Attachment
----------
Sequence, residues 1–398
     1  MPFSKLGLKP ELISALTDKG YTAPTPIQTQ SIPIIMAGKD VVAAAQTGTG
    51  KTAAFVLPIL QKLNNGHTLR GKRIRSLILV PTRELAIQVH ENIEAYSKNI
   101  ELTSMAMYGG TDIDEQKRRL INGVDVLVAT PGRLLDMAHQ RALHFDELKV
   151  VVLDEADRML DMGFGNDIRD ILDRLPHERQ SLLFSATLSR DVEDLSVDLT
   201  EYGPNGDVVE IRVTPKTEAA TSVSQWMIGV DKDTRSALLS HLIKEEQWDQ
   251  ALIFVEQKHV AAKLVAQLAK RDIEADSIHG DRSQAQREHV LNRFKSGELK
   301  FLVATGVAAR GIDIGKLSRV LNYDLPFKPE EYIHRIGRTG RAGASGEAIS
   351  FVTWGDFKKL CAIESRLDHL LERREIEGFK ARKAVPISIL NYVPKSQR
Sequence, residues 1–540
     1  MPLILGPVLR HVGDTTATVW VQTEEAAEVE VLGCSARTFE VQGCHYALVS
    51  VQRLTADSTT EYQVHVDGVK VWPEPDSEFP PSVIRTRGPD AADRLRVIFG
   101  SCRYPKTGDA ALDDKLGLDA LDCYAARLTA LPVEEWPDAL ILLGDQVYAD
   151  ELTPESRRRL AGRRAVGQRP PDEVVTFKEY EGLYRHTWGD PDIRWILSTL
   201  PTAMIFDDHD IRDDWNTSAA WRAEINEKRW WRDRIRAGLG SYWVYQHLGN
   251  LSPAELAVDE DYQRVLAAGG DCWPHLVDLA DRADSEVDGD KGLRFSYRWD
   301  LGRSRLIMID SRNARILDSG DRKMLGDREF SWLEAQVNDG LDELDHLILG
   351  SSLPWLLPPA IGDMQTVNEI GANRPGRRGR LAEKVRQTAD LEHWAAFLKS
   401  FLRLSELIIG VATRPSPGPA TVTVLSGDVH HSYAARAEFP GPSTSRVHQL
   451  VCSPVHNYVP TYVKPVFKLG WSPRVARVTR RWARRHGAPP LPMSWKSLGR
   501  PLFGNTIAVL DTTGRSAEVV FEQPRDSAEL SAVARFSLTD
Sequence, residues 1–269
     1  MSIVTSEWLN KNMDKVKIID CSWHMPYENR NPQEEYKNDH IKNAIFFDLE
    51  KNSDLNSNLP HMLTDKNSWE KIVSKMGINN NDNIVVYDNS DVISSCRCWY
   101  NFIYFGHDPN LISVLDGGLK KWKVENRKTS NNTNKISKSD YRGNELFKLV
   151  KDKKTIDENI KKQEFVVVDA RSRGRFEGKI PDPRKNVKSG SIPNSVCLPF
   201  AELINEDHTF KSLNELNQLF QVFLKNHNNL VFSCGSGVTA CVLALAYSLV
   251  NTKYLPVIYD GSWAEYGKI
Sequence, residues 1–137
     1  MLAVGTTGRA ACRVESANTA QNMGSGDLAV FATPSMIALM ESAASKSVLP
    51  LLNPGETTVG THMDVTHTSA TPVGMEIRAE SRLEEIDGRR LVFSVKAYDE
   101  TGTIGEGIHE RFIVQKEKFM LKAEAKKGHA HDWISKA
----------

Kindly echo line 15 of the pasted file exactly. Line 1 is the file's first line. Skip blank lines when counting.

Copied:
   201  PTAMIFDDHD IRDDWNTSAA WRAEINEKRW WRDRIRAGLG SYWVYQHLGN